Riders crowd into a packed T-Third Muni Metro train at Forest Hill Station in San Francisco, Calif. Tuesday, June 6, 2017. (Jessica Christian/S.F. Examiner)

Turning Muni’s subway system around

SFMTA officials hope to reduce delays by making it easier to remove malfunctioning trains

For the more than 140,000 people who ride the Muni Metro subway system daily, major delays are a regular part of life.

That’s because just one train malfunction can stall the entire network, causing other trains get stuck while the broken train is turned around on the track.

One fix may be to build more places for trains to turn around. But Muni officials say it’s a fix that could take years to accomplish.

The lack of turnarounds in the Muni Metro subway system is a major design flaw, San Francisco Municipal Transportation Agency’s Director of Transit Julie Kirschbaum told the SFMTA Board of Directors last month.

Some subways, like Union Station in Los Angeles or Grand Central Station in New York, have “multiple simultaneous turnbacks,” Kirschbaum said. Essentially, trains run on multiple tracks, and if one breaks down and needs to be turned back, others can still whiz by.

Other subways, like those in Paris, Berlin, or Washington D.C., run train routes in branches which then converge into a central “trunk.” There are myriad turnbacks off the main line at the route’s branches, “providing space and time” for many trains to turn at once, Kirschbaum said.

“We have neither of those designs,” she told the board.

Instead, Muni turns its trains around within the central trunk itself on tracks downtown that extend to West Portal station.

“That’s the cause of the bottleneck,” Kirschbaum said. “The subway itself was not designed with train turning movements in mind.”

She said building “pocket tracks” outside the subway at strategic points would help malfunctioning trains hop out of the way without impacting service. A pocket track is a short section of track between two main lines, allowing a train to be pushed off a main line quickly.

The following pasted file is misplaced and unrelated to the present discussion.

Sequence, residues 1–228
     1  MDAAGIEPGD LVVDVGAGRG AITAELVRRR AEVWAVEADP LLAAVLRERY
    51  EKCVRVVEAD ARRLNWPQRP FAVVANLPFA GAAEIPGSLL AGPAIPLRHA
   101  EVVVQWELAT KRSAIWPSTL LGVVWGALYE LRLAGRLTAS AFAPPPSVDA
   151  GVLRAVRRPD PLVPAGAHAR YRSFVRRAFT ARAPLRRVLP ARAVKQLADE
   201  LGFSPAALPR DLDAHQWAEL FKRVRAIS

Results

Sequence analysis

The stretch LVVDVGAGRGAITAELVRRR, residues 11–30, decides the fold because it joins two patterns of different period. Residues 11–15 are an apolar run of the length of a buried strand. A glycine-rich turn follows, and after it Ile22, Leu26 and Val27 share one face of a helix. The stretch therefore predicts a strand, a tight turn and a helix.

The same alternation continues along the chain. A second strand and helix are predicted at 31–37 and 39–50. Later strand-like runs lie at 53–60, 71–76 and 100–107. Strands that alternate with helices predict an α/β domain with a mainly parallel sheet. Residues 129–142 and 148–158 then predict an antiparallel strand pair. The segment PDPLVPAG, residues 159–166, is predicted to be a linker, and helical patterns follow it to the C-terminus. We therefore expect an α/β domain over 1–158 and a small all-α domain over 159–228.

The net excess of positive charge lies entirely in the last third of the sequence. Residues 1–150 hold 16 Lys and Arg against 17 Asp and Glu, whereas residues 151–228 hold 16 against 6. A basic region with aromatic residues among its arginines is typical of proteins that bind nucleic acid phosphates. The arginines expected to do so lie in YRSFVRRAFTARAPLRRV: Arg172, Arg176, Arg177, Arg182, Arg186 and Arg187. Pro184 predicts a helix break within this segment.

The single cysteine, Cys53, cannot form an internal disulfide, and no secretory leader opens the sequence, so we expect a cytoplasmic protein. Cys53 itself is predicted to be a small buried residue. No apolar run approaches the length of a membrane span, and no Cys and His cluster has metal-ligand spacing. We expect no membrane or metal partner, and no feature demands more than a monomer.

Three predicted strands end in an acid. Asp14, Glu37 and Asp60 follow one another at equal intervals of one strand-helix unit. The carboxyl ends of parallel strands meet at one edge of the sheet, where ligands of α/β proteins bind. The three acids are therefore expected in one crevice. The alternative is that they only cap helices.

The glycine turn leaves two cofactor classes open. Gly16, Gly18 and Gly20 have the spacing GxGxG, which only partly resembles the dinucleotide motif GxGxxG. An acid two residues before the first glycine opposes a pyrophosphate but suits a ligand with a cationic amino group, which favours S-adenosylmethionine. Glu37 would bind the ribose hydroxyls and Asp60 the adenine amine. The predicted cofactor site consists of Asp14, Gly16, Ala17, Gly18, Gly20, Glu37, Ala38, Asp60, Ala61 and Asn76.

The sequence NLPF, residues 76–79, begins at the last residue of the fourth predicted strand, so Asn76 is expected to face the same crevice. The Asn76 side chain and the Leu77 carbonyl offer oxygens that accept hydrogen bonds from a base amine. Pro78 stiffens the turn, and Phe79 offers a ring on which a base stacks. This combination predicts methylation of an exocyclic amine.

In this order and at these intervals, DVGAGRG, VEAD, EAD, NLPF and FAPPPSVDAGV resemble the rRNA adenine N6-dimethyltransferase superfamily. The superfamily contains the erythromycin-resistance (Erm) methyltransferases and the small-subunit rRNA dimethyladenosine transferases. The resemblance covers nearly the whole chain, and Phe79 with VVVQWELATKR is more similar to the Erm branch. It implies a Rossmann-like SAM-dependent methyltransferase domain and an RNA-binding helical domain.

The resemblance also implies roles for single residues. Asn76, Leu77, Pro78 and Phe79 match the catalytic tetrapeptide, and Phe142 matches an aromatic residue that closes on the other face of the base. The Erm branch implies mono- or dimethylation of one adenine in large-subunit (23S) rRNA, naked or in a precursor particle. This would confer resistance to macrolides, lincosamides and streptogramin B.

Harrison and Bryant streets are potential places for a pocket track, Kirschbaum said.

“I believe the long-term solution will be trying to replicate more of this design where we turn fewer trains in the subway” itself, she said, but instead on these pocket tracks.

But that fix is at least three to seven years away, Kirschbaum said.

Building more trackways could also further eliminate bottlenecks in the system. The City is in the earliest stages of planning where its next subways should go.

When those subways are built, they should incorporate the design lessons of the past, Kirschbaum said.

BART actually designed the Muni Metro subway when they designed their own tunnels downtown, said Rick Laubscher, a local transit historian and president of Market Street Railway, a nonprofit and museum.

The design flaw stems from hemming and hawing on Muni’s behalf, he said.

“It’s important to note that at the time, Muni had not decided how they would operate the tunnels,” Laubscher said. “BART was flying blind.”

Muni hadn’t decided if they’d go with high platforms, or low platforms, or if they’d use their old-style streetcars or design new state-of-the-art light rail vehicles.

Laubchser said making tough design decisions was “all a function of not having any money.”

When the riding public opted not to give enough cash to Muni, the agency had to make compromises to the system, which opened on February 18, 1980, according to SFMTA.

At its start, Muni Metro was so hobbled that it was implemented in phases, with the K-Ingleside running first, followed by the L-Taraval and then the M-Ocean View, all of which operated only on weekdays. It was only in 1982 that the subway system finally began running on weekends.

That historic lack of investment limited Muni Metro’s design, and the system limps on with the consequences today.

“Julie Kirschbaum inherited a challenging situation,” Laubscher said.

And now San Franciscans are depending on her to dig them out of it.


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